One of Italy's most wanted men, who allegedly traded two stolen Van Gogh paintings on the black market, has been arrested in Dubai.
The force said they raided the residence of Raffaele Imperiale, 46, on July 30.
He is alleged to be a drugs kingpin of Naples' feared Camorra organised crime syndicate.
Valuables including cash and paintings were seized in the raid.
Imperiale had been using an alias and trying to hide his movements to remain "in the shadows", officers said.
On August 14, Dubai Police also arrested Imperiale's right-hand man, Raffaele Mauriello, 31, who they said was "responsible for plotting and executing murders and assassinations using unlicensed firearms".
Imperiale and Mauriello are wanted by Italian authorities and Interpol who have issued "red notices" against them.
Dubai Police said it apprehended Imperiale despite the fact he was impersonating someone else using a fake identity under the name of "Antonio Rocco".
The force said he used different cars to hide his daily movements and lived in an isolated home to monitor those who approached him. He intentionally had avoided registering a precise address to mislead authorities and remain in the shadows, officers said.
Imperiale's residence was raided after he was placed under constant surveillance for a week. Officers also seized large sums of cash, luxury watches and valuables including paintings.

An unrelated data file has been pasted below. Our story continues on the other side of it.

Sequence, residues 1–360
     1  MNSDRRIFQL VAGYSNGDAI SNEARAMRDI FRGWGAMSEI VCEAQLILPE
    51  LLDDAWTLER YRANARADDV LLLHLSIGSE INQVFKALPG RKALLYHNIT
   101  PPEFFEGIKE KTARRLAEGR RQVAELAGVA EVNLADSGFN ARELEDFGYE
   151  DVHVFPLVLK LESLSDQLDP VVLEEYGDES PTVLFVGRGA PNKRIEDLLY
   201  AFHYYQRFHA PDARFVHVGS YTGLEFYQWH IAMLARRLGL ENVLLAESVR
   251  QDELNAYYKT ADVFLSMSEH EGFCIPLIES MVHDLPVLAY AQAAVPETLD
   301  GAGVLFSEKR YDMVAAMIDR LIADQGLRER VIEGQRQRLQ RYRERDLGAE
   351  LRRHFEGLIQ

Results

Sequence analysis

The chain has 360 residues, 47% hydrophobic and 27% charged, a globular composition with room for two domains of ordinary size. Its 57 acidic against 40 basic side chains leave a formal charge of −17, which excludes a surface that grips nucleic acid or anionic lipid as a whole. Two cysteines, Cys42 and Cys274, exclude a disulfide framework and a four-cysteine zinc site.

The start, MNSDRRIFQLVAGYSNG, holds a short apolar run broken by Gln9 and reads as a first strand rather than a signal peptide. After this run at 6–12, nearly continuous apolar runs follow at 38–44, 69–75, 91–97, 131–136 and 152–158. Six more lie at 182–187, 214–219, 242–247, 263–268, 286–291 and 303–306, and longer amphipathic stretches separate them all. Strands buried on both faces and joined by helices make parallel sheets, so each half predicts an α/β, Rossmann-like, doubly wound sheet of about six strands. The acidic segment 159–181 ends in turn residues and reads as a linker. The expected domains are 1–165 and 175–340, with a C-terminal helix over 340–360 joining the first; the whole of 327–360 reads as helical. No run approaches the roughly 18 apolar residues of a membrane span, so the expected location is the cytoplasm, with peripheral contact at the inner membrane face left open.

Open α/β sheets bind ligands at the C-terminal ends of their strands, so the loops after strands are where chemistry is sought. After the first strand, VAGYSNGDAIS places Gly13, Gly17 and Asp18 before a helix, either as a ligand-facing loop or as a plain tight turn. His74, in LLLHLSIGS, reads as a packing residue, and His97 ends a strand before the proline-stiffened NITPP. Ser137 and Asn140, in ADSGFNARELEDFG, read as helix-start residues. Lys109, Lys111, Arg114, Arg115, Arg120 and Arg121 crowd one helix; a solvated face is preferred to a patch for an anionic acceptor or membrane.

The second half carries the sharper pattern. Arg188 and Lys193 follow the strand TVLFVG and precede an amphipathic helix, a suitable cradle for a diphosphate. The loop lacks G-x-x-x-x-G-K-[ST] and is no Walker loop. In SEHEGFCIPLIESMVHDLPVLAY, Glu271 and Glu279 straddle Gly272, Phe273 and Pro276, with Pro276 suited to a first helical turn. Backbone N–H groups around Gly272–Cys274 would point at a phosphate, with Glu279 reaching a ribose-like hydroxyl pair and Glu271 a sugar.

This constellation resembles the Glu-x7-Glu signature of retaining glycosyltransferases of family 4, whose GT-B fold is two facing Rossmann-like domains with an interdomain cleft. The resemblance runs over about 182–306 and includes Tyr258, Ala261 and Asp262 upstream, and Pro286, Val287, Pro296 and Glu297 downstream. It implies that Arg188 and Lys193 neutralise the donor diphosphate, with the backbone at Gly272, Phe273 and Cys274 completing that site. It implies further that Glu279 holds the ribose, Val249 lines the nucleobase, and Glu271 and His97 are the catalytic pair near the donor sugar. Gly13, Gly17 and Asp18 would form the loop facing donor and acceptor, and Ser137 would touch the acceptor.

Artificial intelligence and Dubai's Oyoon (eyes) network of more than 300,000 security cameras helped the investigation.
The men's cases have been transferred to Dubai's Public Prosecution which which "determine the mechanism for their extradition".
Interpol said its network had helped secure the arrests.
“No matter how much wealth or power fugitives accumulate, or how far they travel, police work does not stop," said Interpol secretary general Jurgen Stock, welcoming the arrests.
"Cases such as this underline the power of international police cooperation via Interpol's global network more than ever."
Brig Jamal Al Jallaf, director of the Criminal Investigation Department at Dubai Police, praised the efforts of all investigating teams who were able to reveal the true identity of Imperiale.
Imperiale has been sought by Italy for alleged international drug trafficking since January 2016. Italy's Interior Ministry said he was considered one of the nation's "most dangerous and most wanted fugitives".
Imperiale was also wanted for money laundering, police said.
In 2016, two Van Gogh works, stolen from an Amsterdam museum, were found hidden in a farmhouse on property owned by Imperiale in the town of Castellammare di Stabia, near Naples.
“The wealth illicitly accumulated allowed him to buy on the black market two Van Gogh paintings of unquantifiable value,” Italian police said.
View of the Sea at Scheveningen (1882) and Congregation Leaving the Reformed Church in Nuenen (1884-1885) were stolen from the Van Gogh Museum in 2002.
Italian financial police found the paintings wrapped in cotton sheets, stuffed into a box and hidden behind a bathroom wall.
The artworks were discovered when police seized property from Imperiale and another reputed Camorra drug kingpin.
Police said Imperiale gave an interview to Naples newspaper Il Mattino this year in which he denied any involvement in the theft of the paintings and claimed he bought the works because he is a passionate art lover.
His arrest was a result of an investigation co-ordinated by Naples prosecutors and conducted by police officers and the financial police’s organised crime division in the city.